Venice: too many tourists make the city suffer
19 Dec

Venice: too many tourists make the city suffer

There are probably too many tourists visiting the beautiful Venice every day, and this is probably nothing new. But according to an article recently published on CBSNews, in Venice there are more tourists than residents and this could cause harm to the city.

CBS states that the “problem” has gotten so big that it has reached UNESCO, the cultural body for the United Nation which has threatened to put Venice on a list of world heritage cities in danger. Supposedly, UNESCO has given Italy two years to deal with the problem and, for now, no solution seems to be suitable.

Of course, Venice can’t stop being a tourist destination, since most of its revenue comes from its fame and success with tourists from every corner of the world. But 20 million tourists a year is probably a little too much for the ancient, fragile city of narrow canals and quaint alleys.

The worrying suspicion is in fact confirmed by ecologist Jane Da Mosto: “It’s too small, it’s too fragile… and we can’t look after the people that think they are coming to a theme park.” Of course, she is talking about many ill-mannered visitors who think the city is a theme park, instead of a work of art that must be kept safe and protected.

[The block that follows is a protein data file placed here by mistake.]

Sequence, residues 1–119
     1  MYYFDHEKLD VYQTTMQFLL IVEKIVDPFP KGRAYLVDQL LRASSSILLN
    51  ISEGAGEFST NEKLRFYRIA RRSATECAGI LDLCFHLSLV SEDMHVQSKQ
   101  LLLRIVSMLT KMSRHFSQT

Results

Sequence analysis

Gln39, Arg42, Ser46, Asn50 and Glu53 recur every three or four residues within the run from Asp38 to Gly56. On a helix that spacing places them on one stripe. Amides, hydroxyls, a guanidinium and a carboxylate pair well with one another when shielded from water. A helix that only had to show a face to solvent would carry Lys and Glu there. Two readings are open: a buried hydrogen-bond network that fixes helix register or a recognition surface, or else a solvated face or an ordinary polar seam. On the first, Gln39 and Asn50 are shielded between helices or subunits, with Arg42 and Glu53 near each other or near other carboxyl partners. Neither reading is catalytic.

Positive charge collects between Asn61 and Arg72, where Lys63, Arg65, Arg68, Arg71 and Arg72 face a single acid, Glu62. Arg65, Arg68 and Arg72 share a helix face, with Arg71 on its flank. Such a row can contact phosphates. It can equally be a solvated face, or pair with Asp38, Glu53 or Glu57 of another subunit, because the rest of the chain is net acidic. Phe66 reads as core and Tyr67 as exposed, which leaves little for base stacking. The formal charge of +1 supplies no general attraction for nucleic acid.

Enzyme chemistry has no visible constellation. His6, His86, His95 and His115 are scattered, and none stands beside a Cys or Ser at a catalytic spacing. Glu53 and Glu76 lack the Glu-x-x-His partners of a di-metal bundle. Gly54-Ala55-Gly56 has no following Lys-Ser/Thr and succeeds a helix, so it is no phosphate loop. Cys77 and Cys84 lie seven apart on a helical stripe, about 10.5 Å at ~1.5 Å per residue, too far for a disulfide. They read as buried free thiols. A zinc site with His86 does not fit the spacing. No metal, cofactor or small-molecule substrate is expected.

In the meantime, the residents in Venice are narrowing: in 1951 they were about 170,000, today there are fewer than 55,000 and some of them aren’t happy at all. They are in fact so unhappy that they recently staged a protest.

“We have to find a way to protect the Venetian life,” Mateo Secchi, one of the organizers of the protest, explained, “because a city without citizens is a city without a soul – it’s like Disneyland.” In his opinion, mass tourism is “a double-cut weapon because in the beginning you earn a lot of money and everybody is happy, but in the long distance it’s big trouble.”

As understandable, Deputy Mayor of Tourism Paola Mar describes tourism as “the city’s most important resource,” but admits that something must be done to address the “25 years of mismanagement” that have led to this crisis.

The municipality is currently examining more than 15 proposals to fix the issue. In the meantime, we can only remind you that Venice is precious: if you visit it, respect it as you would with an old but still beautiful lady.